This month – in fact, almost much to the day – is the third anniversary of Malt. Three years! In internet terms that’s a pretty long time. What does that look like in stats?
Well, basically there’s been over 430,000 page views from over 100,000 unique visitors. There are also over 100 direct subscribers using that little module on the right.
About a third of the traffic has been on a mobile device, so I imagine a great many people have either been reading Malt whilst searching for purchases at a whisky shop, or reading it on the toilet at work. Either way, thank you for your time here.
We’re still roaring away on Twitter and Facebook, along with my account on Instagram. The numbers on there don’t quite capture the enjoyment of the online community. I’ve formed great on and offline friendships along the way – far too many to mention here! – but they’ve made the whole process fascinating, entertaining and worthwhile. (A special tip of the hat to Whisky Rover, with whom I correspond to sharpen my whisky wit and regularly swap samples.)
The most popular post by some way has been my dislike of that nasty thing in a blue bottle. Up there, surprisingly, has been a review of Dalmore Valour, which is a popular searched-for whisky (again, probably at airports, being a travel retail dram), along with Chrys’s review of Koval Four Grain. (And thanks to co-pilot Chrys for covering those American distilleries and telling some nice stories along the way.)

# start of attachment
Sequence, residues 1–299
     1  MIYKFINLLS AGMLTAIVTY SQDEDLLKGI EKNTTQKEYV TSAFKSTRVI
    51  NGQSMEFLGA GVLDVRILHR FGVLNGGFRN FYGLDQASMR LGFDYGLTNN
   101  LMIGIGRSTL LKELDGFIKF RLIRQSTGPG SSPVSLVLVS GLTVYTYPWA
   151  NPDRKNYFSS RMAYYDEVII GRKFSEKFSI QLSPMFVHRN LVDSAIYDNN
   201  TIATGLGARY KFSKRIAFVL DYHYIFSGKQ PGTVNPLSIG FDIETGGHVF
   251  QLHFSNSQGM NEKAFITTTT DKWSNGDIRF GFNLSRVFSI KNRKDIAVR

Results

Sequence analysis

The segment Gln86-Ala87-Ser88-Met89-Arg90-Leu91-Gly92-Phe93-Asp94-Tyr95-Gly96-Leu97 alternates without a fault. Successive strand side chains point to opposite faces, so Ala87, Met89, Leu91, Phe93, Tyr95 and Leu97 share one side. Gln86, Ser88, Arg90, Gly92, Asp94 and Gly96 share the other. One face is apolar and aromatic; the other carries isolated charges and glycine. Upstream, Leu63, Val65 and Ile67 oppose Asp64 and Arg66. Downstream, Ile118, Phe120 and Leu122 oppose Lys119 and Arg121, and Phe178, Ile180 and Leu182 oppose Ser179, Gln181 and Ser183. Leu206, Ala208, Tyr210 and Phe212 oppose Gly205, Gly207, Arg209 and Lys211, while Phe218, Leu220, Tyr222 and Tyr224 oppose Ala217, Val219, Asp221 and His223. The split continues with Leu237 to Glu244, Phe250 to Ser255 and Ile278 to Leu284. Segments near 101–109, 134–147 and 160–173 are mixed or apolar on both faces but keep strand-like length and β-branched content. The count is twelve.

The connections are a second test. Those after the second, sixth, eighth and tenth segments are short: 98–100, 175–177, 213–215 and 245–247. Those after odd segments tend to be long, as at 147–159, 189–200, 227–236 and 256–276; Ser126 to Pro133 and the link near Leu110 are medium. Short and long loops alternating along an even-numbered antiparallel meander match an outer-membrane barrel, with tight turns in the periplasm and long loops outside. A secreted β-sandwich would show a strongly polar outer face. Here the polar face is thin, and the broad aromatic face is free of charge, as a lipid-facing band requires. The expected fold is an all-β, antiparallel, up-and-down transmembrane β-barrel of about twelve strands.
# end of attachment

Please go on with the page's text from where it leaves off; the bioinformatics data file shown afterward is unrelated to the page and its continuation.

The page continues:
These images can stir the heart of many a whisky drinker: row upon row of casks sitting quietly in damp dunnage warehouses, each one waiting for their moment in the spotlight; the small-hours clink of tumblers in a dimly lit snug; unscrewing a hip-flask of your favourite dram on the top of some rain-soaked hillside.
You know what I mean. Drink it how you want, but whisky transcends the status of mere liquid. More than any other spirit, whisky is about land and community. It’s the heritage of generations before us, something that unites all classes and backgrounds in solidarity. Whisky is style, not fashion.
A spirit to lift the soul, it’s that shaft of summer sunlight across a field of barley. And it’s the fire that helps many of us endure our own harsh winters.
Why would I want to write about any other drink?
And that’s why future for Malt will continue to be whisky and nothing else. Here’s to at least another three years.